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About The daily Nebraskan. ([Lincoln, Neb.) 1901-current | View Entire Issue (April 18, 2000)
Wesleyan greets ‘SNL’ member
I Comedian Jimmy
By Margaret Behm
Even though the auditorium wds
less then half full, there was plenty of
laughter for a “Saturday Night Live”
star on Monday night
Jimmy Fallon performed Monday
night in the O’Donnell Auditorium at
Nebraska Wesleyan University.
Fallon is famous for impressions of
celebrities, including Jerry Seinfield
and John Travolta.
Amanda Graner, chairwoman for
Union Programs, said having a come
dian is nothing new for Wesleyan. The
university has brought comedians
before, including Adam Sandler and
“We have a big event every year,”
said Graner, a senior social work
major. “Historically, it’s always been a
comedian. It’s a break from the stress
of spring classes.”
Amelia Nicolaus, a Wesleyan jun
ior elementary education major, said
she was glad for the chance to have a
“I heard it was going to be realty
funny,” she said. “I go every year
•* It’s like being in a boxing match. It’s
grueling, but it’s fun.”
cast member of “Saturday Night Live”
because it’s a nice study break.”
Fallon said he enjoys traveling to
colleges, but it is difficult to reach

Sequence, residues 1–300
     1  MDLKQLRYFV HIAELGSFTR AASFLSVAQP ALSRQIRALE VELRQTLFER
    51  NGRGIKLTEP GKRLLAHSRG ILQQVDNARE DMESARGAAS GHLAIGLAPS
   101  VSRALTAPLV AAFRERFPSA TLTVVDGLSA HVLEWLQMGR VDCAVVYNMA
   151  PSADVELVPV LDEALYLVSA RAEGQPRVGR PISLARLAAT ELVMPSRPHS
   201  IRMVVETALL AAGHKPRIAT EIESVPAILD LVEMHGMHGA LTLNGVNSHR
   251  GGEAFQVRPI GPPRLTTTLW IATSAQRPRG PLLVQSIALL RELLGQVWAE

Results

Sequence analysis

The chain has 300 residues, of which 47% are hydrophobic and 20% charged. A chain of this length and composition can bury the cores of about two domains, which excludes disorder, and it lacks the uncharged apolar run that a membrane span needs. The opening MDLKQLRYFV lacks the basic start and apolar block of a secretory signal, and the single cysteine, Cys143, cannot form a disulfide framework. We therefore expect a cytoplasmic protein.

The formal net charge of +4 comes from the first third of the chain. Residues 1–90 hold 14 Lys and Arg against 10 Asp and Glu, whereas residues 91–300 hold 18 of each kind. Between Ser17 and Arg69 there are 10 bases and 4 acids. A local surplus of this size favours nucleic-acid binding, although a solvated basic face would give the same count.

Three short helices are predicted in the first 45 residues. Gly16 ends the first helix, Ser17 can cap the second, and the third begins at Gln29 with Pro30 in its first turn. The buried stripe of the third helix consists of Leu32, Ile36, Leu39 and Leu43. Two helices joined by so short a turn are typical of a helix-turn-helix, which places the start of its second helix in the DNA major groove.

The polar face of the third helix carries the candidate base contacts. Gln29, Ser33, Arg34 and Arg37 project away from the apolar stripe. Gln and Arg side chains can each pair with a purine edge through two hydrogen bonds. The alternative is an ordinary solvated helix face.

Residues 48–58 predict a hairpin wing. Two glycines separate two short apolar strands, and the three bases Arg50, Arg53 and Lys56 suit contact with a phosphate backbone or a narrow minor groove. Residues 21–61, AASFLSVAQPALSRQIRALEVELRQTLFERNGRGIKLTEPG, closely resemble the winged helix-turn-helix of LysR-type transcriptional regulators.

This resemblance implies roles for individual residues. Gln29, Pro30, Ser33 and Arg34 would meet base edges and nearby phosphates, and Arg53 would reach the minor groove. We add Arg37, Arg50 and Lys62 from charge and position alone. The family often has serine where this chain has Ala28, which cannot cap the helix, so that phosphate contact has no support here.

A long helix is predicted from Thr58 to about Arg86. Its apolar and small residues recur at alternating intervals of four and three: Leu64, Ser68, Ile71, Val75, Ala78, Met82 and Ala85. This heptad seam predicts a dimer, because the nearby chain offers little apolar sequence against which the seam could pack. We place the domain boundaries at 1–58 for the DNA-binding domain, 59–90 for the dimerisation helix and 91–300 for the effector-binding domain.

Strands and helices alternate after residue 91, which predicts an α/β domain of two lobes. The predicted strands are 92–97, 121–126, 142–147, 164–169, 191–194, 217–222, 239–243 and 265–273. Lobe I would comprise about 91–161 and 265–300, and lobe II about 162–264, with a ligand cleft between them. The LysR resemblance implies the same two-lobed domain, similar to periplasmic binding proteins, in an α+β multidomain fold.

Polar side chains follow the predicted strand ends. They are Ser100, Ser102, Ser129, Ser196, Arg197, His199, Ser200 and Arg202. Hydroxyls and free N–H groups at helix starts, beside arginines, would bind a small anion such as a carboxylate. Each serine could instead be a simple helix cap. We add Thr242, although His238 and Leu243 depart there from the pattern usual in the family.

friends while he’s on the road.
“It’s harder to keep in touch with
friends,” he said in an interview. “They
see Nebraska on the caller ID, and they
say, ‘Nebraska? I don’t know anyone in
Nebraska.’ So they don’t answer it”
Fallon said he started his comedy
career at the age of 17.
“Me and my friend put on shows in
college,” he said. “We would get like a
40-ounce and go write comedy in the
laundry room. We’d make each other
He said he has always enjoyed
making people laugh.
“I like goofing off and seeing what
sticks and what doesn’t” he said.
Later, he went on to become a star
on the popular late-night comedy
show, “Saturday Night Live.”
Even though he knew the job at
“Saturday Night Live” would be stress
ful, Fallon said he was still surprised at
how stressful it actually was.
“I got the job when I was 23. I’m 25
now. I feel like I’m 40,” he said.
Fallon said it’s hard work, but he
does it because he enjoys it.